Sitcoms are not the ideal source of fatherly examples, but if you search for a list of the best TV dads, you’ll see a bunch of often goofy fathers who seem to screw up just as much as their kids. What you’ll also see, however, is that these dads (well, some of them at least) have managed to juggle two key parenting factors: Laying down the rules and setting healthy boundaries, balanced out with love, warmth, responsiveness, and wisdom (often resulting from their own crazy mistakes). Take Phil Dunphy from Modern Family, as an example. He’s my favorite TV dad of all time:
“I’ve always said that if my son thinks of me as one of his idiot friends, I’ve succeeded as a dad.”
“My kids are helpless, but maybe that’s okay, because years from now, when they have their own houses, they’ll call me on their hologram phones and say ‘help me Dad, you’re my only hope’, and I’ll be the happiest father in sector 7.”
And according to research we conducted at Queendom, this perfect balance of firmness and responsiveness is what good dads tend to have in common…and good dads often have great kids.
Analyzing data from 513 fathers who took the Parenting Style Test, we compared two distinct groups: Fathers with well-behaved children and fathers with ill-behaved kids. Here’s how these dads differed:
They’re loving, caring, dependable, and open-minded
- 95% of dads with well-behaved kids offer unconditional love to their children (compared to 42% of dads with ill-behaved kids).
- 75% of dads with well-behaved kids believe that children should get plenty of love and attention (compared to 39% of dads with ill-behaved kids).
- 95% of dads with well-behaved kids make themselves available when their children need help (compared to 45% of dads with ill-behaved kids).
- 93% of dads with well-behaved kids encourage open communication in their households (compared to 39% of dads with ill-behaved kids).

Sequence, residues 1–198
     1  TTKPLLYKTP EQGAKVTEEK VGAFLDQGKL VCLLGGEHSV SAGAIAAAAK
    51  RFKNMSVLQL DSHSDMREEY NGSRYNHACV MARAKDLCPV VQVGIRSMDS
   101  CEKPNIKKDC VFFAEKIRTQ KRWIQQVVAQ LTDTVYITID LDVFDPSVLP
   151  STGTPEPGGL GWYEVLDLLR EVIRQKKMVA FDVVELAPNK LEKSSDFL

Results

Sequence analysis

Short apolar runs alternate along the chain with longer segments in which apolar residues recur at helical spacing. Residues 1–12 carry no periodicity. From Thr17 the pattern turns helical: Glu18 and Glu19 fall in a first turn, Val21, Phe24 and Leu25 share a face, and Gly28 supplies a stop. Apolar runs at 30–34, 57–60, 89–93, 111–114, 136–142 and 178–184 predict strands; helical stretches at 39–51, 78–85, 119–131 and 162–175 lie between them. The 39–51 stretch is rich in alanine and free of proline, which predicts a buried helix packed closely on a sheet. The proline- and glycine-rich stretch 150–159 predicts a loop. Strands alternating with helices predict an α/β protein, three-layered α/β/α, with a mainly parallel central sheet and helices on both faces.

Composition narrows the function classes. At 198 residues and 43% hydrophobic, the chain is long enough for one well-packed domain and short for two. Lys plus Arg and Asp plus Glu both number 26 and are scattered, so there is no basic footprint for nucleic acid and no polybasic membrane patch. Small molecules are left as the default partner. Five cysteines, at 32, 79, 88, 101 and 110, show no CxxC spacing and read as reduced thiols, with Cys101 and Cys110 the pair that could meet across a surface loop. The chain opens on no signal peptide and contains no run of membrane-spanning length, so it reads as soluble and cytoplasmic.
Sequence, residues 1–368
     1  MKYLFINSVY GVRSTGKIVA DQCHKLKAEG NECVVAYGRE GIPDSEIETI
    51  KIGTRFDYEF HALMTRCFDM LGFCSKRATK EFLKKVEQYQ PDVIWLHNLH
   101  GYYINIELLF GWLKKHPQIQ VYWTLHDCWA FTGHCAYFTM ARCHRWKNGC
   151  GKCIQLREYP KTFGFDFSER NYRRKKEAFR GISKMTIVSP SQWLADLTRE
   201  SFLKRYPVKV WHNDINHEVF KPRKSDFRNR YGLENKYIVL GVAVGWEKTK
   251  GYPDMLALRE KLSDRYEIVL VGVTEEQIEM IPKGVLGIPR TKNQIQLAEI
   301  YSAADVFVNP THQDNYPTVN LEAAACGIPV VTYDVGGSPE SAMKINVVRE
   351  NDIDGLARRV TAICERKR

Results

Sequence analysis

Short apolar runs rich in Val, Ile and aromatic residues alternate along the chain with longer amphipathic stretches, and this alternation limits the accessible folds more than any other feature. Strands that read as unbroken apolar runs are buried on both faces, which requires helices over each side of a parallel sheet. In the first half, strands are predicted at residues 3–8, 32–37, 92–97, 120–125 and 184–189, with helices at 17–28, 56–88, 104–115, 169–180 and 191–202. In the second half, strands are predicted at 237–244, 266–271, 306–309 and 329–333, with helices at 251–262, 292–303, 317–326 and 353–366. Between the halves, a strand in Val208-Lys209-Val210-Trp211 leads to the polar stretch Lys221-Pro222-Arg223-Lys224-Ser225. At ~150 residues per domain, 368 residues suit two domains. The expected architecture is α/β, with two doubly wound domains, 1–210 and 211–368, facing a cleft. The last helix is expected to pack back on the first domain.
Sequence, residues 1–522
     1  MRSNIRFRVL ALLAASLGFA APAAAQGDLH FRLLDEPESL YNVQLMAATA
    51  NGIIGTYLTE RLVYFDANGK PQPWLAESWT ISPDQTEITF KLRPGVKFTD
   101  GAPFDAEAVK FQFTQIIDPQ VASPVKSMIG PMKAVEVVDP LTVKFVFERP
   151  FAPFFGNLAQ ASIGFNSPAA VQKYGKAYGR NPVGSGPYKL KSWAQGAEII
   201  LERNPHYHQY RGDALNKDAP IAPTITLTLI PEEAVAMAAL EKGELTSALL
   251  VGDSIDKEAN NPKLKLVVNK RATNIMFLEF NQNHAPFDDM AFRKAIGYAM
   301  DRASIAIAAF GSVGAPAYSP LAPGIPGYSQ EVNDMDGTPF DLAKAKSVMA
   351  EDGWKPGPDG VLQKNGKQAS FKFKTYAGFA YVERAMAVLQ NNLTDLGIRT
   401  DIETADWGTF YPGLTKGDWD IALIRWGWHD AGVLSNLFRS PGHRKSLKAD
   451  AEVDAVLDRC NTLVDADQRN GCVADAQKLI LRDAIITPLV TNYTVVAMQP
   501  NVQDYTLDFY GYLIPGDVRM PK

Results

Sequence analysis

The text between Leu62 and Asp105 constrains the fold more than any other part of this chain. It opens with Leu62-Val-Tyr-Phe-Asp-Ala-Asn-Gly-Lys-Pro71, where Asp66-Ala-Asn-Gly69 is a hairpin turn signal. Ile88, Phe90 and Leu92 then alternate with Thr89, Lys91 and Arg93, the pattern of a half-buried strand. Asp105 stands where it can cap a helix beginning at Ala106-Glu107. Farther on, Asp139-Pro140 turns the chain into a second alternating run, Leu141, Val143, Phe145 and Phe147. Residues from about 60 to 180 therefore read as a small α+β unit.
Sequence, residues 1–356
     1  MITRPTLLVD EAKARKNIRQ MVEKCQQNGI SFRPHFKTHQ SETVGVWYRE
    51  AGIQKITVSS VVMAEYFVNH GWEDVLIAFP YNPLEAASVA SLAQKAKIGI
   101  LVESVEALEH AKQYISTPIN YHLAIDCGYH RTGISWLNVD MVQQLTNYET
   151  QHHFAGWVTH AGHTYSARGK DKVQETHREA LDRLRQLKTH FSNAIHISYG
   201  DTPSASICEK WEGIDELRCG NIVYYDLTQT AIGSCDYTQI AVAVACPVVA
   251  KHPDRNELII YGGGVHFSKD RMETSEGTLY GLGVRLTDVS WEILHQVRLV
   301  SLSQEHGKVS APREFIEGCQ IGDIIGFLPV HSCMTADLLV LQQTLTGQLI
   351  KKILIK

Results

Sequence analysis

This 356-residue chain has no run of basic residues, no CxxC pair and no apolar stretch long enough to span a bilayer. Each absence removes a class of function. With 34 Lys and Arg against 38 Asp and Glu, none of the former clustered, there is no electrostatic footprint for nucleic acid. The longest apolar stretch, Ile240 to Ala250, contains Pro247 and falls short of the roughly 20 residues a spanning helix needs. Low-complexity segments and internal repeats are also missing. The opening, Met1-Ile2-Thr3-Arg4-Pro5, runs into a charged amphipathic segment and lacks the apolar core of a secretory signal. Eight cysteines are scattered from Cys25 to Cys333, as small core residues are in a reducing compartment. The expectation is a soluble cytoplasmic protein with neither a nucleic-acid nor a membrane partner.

- 91% of dads with well-behaved kids nurture their child’s individuality and independence (compared to 48% of dads with ill-behaved kids).
- 79% of dads with well-behaved kids said that they trust their children to make the right choices in life (compared to 42% of dads with ill-behaved kids).
They have a clear set of rules
- 95% of dads with well-behaved kids establish boundaries but also grant reasonable amounts of freedom (compared to 61% of dads with ill-behaved kids).
- 95% of dads with well-behaved kids believe that children need discipline (compared to 68% of dads with ill-behaved kids).
On the flip side…
- 55% of dads with ill-behaved kids expect their children to adopt their parent’s values and opinions without questioning them (compared to 20% of dads with well-behaved kids).
- 19% of dads with ill-behaved kids would rather give in to their kid’s demands and wishes than risk having their kids hate them (compared to 10% of dads with well-behaved kids).
They believe in team parenting
- 83% of dads with well-behaved kids believe that it’s important for parents to be on the same page when it comes to how they will raise their children (compared to 45% of dads with ill-behaved kids).